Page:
Furthermore, the fact that Jeb Bush won the gubernatorial election in Florida—a traditionally Democratic stronghold—twice in a row is a strong argument in his favor. Serving as governor from 1999 to 2007, Jeb Bush became the first Republican governor in the state's history to win a second term, and moreover, to leave office with a 60 percent approval rating.
Texas Sen. Ted Cruz, the first to officially declare his candidacy, is a potential rival for Bush in the Republican primaries. In contrast to Jeb Bush, Ted Cruz opposes "crony capitalism" and criticizes Wall Street bankers and large financial institutions.
The list of those who must play to the "Republican crowd" doesn't stop with Ted Cruz. One of the most famous names in American business, former chief financial officer of personal computer manufacturer Hewlett-Packard, Carly Fiorina, unexpectedly announced her desire to run.
In the near future, other famous Republicans are expected to announce their candidacies. Among them: Scott Walker, governor of Wisconsin, who portrayed himself as a deeply-religious opponent of abortion in the 2010 gubernatorial election. Kentucky Sen. Rand Paul, an ophthalmologist and son of famous libertarian Ron Paul, is named as another potential candidate. Names like former Arkansas Governor Mike Huckabee, junior Florida Sen. Marco Rubio, neurosurgeon Ben Carson, and billionaire showman Donald Trump also feature in the news. None of these candidates is considered serious competition for Jeb Bush; however, Washington never misses the opportunity to remind us that U.S. elections are unpredictable.
No One For Russia
Politicians and experts surveyed by Kommersant have no doubt that no matter who is in the Oval Office after the 2016 election - Democrat or Republican - relations between the U.S. and Russia will remain complicated at best. "Today in Washington there is no demand for normalization of relations with Moscow. And the future president, no matter who he is, has no reason to improve relations. He wins nothing, and could lose much," Nikolai Zlobin, president of the Center on Global Interests in Washington, told Kommersant.
According to him, "the potential for a worsening of relations with Russia remains, while the preconditions for normalization are missing." Assuming that the new president decides to begin another "reset" with Moscow, he must convince legislators that it’s a good idea. However, the current makeup of Congress is distinguished by its particularly harsh rejection of Kremlin politics. "I don't remember a more anti-Russian Congress," Zlobin told Kommersant, adding that Congress has powerful levers of influence on America's foreign policy.
In turn, a source for Kommersant in the U.S. State Department noted that Moscow hopes in vain that the election of a Republican president will allow relations between the two countries to become more pragmatic and unburdened by debates about values and ideology. "I often hear from Russians that it's simpler for the Russian leadership to deal with the Republicans. Supposedly, they can do realpolitik," the source told Kommersant. "However, there are now so many fundamental conflicts between Moscow and Washington mostly connected with the situation around Ukraine, that there's no point in hoping for a swift resolution of the crisis. Unless, of course, the authorities in Russia drastically change course," the source said.
An example of the prevailing mood in the Republican camp came from a statement by potential presidential candidate Ted Cruz, a harsh critic of the Kremlin and supporter of delivering American arms to Ukraine. Cruz compared Obama's policies in relations with Russia to a "kitty cat" standing up to a bear.
Finally, the idea that the Republicans are better for Moscow is contradicted by the Russian view of the previous U.S. electoral campaign. You will recall that at that time they called a victory by Republican Mitt Romney a possible threat to bilateral relations. At the same time, Moscow considered Obama, who nowadays avoids meeting with Vladimir Putin face-to-face, the most suitable candidate for Russia.
Unwillingness to restore relations with Moscow certainly doesn't mean that the Russia issue won't feature in candidates' agendas for the 2016 election. More likely, the opposite will be true. After all, electoral campaigns need powerful stimuli, and harsh rhetoric towards the Kremlin is the perfect way to score political points.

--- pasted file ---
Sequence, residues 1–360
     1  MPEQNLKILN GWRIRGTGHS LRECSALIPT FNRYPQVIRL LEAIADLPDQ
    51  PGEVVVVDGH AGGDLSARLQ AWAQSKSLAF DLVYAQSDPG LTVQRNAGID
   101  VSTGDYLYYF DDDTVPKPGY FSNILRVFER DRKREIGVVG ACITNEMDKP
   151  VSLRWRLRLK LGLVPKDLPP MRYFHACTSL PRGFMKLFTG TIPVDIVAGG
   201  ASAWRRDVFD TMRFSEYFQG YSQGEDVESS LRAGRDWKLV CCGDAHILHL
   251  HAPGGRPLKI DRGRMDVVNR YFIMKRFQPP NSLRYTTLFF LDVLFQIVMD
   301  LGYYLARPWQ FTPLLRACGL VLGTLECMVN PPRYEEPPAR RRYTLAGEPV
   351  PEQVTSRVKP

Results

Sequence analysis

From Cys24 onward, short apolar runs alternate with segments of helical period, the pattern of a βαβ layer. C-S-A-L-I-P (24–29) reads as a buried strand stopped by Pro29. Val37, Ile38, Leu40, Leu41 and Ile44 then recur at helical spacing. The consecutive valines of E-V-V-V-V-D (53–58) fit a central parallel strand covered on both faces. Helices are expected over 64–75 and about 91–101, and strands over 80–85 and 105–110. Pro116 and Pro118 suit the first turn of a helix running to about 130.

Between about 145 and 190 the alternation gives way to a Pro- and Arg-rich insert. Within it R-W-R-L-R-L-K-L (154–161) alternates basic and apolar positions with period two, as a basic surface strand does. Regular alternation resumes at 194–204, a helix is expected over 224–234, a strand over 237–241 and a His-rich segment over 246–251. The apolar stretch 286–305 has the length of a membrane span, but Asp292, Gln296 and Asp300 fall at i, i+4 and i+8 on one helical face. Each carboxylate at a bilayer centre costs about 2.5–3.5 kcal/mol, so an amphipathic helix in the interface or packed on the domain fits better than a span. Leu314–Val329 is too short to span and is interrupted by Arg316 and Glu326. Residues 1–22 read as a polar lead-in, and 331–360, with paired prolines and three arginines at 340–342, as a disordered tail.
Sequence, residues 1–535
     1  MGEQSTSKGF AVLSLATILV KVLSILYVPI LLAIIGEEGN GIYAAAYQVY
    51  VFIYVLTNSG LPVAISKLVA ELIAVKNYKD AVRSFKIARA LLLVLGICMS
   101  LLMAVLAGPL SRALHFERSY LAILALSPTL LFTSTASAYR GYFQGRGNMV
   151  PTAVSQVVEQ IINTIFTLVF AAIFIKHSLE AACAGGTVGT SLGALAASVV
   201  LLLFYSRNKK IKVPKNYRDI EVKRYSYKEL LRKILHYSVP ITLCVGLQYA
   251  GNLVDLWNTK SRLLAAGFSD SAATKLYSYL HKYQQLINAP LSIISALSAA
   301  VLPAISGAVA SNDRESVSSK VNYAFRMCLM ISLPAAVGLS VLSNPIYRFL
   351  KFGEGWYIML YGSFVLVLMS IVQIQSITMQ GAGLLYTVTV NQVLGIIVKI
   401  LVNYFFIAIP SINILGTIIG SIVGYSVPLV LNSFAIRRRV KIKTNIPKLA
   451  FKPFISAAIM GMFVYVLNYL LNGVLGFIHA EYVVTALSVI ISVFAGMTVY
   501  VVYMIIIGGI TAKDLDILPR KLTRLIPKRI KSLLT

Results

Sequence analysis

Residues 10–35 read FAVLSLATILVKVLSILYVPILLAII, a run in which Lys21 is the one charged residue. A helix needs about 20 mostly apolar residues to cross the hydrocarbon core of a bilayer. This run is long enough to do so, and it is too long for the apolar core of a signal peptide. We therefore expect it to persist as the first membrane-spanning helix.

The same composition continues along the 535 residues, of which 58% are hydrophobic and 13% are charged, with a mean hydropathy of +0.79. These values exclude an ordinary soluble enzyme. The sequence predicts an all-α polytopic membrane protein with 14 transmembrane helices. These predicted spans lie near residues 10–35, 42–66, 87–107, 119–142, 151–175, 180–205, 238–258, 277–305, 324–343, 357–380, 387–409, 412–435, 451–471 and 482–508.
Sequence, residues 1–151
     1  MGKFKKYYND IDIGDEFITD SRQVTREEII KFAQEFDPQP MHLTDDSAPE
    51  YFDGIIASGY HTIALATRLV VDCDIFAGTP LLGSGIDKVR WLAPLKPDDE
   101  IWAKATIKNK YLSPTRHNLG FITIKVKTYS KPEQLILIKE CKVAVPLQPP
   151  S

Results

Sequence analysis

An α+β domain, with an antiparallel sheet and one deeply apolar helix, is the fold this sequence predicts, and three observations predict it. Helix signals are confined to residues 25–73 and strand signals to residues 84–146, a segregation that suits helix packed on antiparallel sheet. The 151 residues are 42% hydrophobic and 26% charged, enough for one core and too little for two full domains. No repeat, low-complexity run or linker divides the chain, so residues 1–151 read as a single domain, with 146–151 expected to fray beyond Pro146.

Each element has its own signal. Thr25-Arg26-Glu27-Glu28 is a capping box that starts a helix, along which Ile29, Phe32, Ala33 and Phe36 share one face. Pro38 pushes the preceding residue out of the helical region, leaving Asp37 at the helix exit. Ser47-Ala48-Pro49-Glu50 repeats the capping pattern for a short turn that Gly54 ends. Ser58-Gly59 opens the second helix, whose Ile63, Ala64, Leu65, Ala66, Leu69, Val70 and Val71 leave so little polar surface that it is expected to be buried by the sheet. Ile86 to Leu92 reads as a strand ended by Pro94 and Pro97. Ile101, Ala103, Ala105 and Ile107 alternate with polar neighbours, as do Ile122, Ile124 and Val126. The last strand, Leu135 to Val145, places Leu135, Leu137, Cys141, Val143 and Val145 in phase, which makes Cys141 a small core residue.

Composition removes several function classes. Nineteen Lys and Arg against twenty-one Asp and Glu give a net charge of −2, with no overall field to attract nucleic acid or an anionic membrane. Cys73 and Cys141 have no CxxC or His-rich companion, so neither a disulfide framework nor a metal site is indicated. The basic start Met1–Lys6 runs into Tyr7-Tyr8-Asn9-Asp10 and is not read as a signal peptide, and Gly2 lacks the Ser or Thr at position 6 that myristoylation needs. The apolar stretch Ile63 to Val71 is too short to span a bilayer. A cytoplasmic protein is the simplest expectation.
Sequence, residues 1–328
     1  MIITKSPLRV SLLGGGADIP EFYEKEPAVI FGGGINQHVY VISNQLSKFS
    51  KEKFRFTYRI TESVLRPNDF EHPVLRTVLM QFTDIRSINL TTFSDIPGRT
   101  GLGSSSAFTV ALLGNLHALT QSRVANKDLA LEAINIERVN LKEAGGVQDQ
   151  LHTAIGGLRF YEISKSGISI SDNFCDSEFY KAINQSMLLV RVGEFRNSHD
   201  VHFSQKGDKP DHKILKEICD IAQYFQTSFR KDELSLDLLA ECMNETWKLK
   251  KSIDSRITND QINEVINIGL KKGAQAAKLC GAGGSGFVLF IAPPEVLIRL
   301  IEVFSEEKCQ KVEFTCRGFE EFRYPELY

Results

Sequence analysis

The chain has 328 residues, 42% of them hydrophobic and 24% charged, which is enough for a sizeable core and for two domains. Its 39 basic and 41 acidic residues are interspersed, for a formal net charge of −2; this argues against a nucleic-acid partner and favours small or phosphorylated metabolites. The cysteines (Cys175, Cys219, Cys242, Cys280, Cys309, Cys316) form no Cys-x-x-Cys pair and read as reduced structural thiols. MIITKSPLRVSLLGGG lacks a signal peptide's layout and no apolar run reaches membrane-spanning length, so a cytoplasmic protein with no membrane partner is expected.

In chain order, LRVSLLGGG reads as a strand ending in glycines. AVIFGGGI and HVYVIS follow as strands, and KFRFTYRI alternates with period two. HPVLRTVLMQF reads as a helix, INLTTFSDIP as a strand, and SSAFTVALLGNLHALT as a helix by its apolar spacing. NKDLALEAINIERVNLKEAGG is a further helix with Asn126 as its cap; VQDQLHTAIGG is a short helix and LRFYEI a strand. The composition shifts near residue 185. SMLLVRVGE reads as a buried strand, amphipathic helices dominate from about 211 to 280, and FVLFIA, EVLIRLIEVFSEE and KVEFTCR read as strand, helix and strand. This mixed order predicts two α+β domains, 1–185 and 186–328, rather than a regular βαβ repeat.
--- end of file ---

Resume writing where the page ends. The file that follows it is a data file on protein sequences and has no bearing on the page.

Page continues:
According to Thomas Graham, managing director at Kissinger Associates and former senior director for Russia on the National Security Council staff, relations with Moscow will be one of the key foreign policy campaign topics for candidates from both parties. He expects a lot of harsh rhetoric and invective during the debates. However, he isn't discounting the possibility of the White House's position softening after the elections. True, this would only occur "if the conflict in the Donbass region is stabilized, and if Russia agrees to certain compromises regarding Crimea.
"Parties must work toward a long-term solution of the Crimean problem which can satisfy Moscow, and with which Kiev, Washington, and Brussels can agree," Graham told Kommersant. "There's room for dialogue on this issue." In Graham's opinion, a compromise could include the following: Russia could grant Ukrainian companies greater rights in the peninsula's territorial waters, compensate Kiev and private businesses for nationalized property, and organize another declaration of self-determination ("not necessarily in a referendum format") which would confirm that the majority of Crimeans want to be Russian citizens. "The most important thing is to begin a dialogue, even in private. The current Russian position, which consists of stating that there is nothing to discuss, means that no matter who the next U.S. president is, relations will not recover," Graham told Kommersant.
Perhaps Hillary Clinton can reservedly be called the “least of all evils” among candidates for Moscow. On the one hand, the former secretary of state publicly criticized Russia several times. Declaring that the "customs union or Eurasian Union" could be the USSR with a new name, she assured that the U.S. will find "effective ways to slow down or prevent it." And she recently called for increased pressure on Russia, and blamed European nations for an "excessively timid" attitude towards Moscow. According to her, unless the Kremlin receives a "harsh rebuff" in response to its actions in the Ukrainian situation, then it will attempt to spread its zone of influence to the entire post-Soviet region.
On the other hand, harsh invectives towards Moscow and Vladimir Putin personally certainly don't keep Hillary from demonstrating her willingness to seek a compromise with Russia, rather than distancing herself from dialogue, as Obama did when he was offended by the Kremlin and lost interest in Russia. Answering a question a few months ago about whether she knew the secret of how to behave with Putin, Clinton said that Washington's future Russia policy should be a combination of "patience, conviction, and strength.”
Thus, in contrast to other presidential candidates, Hillary Clinton is willing to demonstrate not only strength, but also to at least show the patience Obama didn't have.
*Editor’s note: This quotation, although translated accurately, could not be verified exactly.